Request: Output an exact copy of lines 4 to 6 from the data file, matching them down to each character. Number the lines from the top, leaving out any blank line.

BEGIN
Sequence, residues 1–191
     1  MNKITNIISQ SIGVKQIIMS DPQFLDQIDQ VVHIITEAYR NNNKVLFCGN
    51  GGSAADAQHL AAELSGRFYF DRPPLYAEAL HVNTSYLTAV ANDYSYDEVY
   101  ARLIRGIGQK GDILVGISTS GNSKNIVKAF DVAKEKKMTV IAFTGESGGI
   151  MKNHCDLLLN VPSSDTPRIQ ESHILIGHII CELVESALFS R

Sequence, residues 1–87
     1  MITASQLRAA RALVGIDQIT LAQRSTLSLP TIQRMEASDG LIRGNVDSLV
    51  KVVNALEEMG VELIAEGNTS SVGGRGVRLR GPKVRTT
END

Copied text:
   101  ARLIRGIGQK GDILVGISTS GNSKNIVKAF DVAKEKKMTV IAFTGESGGI
   151  MKNHCDLLLN VPSSDTPRIQ ESHILIGHII CELVESALFS R

Sequence, residues 1–87